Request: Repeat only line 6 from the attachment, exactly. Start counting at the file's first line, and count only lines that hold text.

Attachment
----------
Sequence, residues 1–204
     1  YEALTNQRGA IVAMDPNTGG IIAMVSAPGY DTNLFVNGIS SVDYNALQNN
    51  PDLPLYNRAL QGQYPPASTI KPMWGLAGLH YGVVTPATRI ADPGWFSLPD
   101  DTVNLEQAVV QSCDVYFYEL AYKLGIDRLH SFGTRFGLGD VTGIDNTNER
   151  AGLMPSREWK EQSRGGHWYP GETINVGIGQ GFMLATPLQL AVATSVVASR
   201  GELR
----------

   201  GELR